The North American Soccer League (NASL) announced Tuesday, September 19, that it has filed a federal antitrust lawsuit against the United States Soccer Federation (USSF) in Brooklyn federal court.
The filing comes two weeks after the USSF denied the NASL’s application for second-division status for 2018, which could jeopardize the league’s future. The United Soccer League has overtaken the NASL as the second division behind Major League Soccer (MLS).
The division structure in the United States is designed in order for league’s to reach certain requirements, including number of teams. The NASL lost four clubs after the 2016 season, leaving it with only eight teams, four below the 12-team minimum.
As a backdrop to this suit, it is worth noting that soccer around the world operates under the controversial mandate of FIFA (the international governing body for the sport) which is alleged to hold an unhealthy degree of control over all aspects of the game, including relationships between teams, leagues, players and commercial sponsors and broadcasters. Moreover, the MLS, which operates under a closed, non-relegation/promotion model typical to professional sports in the US, also raises eyebrows among grassroots purists because top tier slots are non-contestable.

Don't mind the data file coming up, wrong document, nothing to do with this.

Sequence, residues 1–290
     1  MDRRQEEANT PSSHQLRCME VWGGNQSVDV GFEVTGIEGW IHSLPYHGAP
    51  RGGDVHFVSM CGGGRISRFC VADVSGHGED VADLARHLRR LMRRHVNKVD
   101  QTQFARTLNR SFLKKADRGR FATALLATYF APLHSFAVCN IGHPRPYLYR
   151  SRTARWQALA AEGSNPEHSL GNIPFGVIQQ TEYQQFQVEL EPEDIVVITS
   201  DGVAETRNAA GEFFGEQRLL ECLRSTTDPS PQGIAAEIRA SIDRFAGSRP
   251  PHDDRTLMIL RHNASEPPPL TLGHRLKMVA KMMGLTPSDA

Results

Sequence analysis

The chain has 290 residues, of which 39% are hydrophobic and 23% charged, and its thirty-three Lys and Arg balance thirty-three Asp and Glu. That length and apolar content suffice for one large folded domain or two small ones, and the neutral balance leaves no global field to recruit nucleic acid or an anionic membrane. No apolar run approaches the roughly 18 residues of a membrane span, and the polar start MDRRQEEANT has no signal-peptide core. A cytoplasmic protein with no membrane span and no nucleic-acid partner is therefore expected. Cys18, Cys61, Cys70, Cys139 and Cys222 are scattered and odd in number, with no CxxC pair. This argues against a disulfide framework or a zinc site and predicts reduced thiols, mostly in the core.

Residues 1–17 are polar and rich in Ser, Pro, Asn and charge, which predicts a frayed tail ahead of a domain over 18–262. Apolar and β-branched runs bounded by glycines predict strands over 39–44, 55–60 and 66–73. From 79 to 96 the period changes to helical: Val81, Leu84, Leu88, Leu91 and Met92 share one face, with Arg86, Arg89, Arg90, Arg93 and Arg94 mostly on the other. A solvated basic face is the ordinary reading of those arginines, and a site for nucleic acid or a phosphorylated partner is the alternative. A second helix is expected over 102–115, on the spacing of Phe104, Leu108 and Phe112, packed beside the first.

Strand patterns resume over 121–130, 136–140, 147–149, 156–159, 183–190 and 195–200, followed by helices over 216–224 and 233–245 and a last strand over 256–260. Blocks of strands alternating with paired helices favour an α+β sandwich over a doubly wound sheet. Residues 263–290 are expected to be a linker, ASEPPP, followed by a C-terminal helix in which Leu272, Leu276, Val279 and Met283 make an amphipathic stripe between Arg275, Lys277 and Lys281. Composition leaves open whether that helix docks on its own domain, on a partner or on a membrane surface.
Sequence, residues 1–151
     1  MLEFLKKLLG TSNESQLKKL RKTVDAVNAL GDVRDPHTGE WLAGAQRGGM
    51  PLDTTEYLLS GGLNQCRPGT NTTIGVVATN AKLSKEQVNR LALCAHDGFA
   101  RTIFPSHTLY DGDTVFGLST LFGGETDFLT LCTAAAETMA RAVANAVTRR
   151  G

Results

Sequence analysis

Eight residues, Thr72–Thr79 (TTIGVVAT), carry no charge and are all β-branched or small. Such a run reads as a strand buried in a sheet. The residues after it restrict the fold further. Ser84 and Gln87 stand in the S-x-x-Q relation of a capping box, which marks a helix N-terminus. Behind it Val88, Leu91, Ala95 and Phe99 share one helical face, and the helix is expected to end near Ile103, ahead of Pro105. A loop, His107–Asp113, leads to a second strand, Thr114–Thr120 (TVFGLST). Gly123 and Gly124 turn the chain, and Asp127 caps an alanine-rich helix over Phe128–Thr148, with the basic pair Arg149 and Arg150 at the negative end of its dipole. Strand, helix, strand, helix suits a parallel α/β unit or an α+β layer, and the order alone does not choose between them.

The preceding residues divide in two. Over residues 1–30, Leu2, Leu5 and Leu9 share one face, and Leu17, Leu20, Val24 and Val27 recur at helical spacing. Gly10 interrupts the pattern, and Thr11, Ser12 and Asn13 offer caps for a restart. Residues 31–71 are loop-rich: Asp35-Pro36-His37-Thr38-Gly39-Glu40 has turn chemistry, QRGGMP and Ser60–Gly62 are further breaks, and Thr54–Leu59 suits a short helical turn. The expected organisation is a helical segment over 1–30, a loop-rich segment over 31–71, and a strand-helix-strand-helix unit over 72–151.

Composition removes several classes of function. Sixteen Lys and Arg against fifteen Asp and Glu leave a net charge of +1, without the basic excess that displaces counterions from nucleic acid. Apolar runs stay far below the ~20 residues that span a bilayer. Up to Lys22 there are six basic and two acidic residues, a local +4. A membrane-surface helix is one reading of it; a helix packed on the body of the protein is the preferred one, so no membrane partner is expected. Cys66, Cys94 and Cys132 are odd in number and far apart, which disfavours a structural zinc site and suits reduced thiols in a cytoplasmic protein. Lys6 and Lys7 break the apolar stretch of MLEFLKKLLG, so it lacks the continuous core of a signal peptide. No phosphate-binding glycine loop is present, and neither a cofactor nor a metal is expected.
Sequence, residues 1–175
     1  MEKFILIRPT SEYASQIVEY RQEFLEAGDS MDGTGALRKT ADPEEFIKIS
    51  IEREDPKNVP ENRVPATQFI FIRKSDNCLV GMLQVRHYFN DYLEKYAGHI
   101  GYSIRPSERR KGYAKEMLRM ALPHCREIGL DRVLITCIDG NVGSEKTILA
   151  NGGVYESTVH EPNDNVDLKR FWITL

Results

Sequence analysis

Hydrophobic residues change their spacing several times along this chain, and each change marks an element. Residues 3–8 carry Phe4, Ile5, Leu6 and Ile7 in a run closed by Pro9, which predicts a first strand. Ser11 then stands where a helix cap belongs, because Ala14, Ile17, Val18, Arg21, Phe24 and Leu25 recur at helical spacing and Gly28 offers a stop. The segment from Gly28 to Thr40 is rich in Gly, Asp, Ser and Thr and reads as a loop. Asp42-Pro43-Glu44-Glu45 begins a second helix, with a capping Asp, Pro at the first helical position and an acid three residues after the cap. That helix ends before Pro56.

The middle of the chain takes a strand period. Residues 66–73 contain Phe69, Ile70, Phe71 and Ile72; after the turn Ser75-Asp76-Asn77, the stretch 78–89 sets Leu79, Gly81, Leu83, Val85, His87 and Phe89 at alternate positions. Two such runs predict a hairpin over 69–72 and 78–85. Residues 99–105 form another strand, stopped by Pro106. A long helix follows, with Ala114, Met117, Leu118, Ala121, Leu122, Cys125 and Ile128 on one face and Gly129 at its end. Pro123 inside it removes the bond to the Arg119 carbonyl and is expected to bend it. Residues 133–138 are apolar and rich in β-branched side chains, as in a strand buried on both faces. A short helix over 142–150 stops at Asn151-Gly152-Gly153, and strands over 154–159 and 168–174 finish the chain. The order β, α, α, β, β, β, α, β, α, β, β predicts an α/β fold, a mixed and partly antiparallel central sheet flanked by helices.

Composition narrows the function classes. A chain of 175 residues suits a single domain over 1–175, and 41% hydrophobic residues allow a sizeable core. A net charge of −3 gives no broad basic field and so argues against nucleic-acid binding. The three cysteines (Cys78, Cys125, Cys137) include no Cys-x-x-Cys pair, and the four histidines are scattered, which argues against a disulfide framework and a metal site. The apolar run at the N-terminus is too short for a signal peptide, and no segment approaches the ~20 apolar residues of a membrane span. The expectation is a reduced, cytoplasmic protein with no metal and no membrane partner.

According to a press release from the NASL, the complaint alleges that the USSF has violated federal antitrust laws through its anticompetitive “division” structure that divides men’s professional soccer for US-based leagues based on arbitrary criteria that the USSF has manipulated to favor MLS, which serves as the commercial business partner of the USSF.
“The USSF left the NASL no choice except to file this lawsuit,” said Rocco B. Commisso, Chairman of the NASL’s Board of Governors and the principal owner of the New York Cosmos.
“The NASL has taken this step to protect not just the league, but also the game, fans, and everyone with a stake in the future success of professional soccer leagues based in this country.”
The complaint alleges that the USSF has selectively applied and waived its divisional criteria to suppress competition from the NASL, both against MLS and against the USL. An example provided by the NASL states, “Under the USSF’s divisional criteria, there are European clubs that have successfully operated for decades that would be considered ineligible for ‘Division I’ or even ‘Division II’ status due to arbitrary requirements like stadium capacity and market size.”
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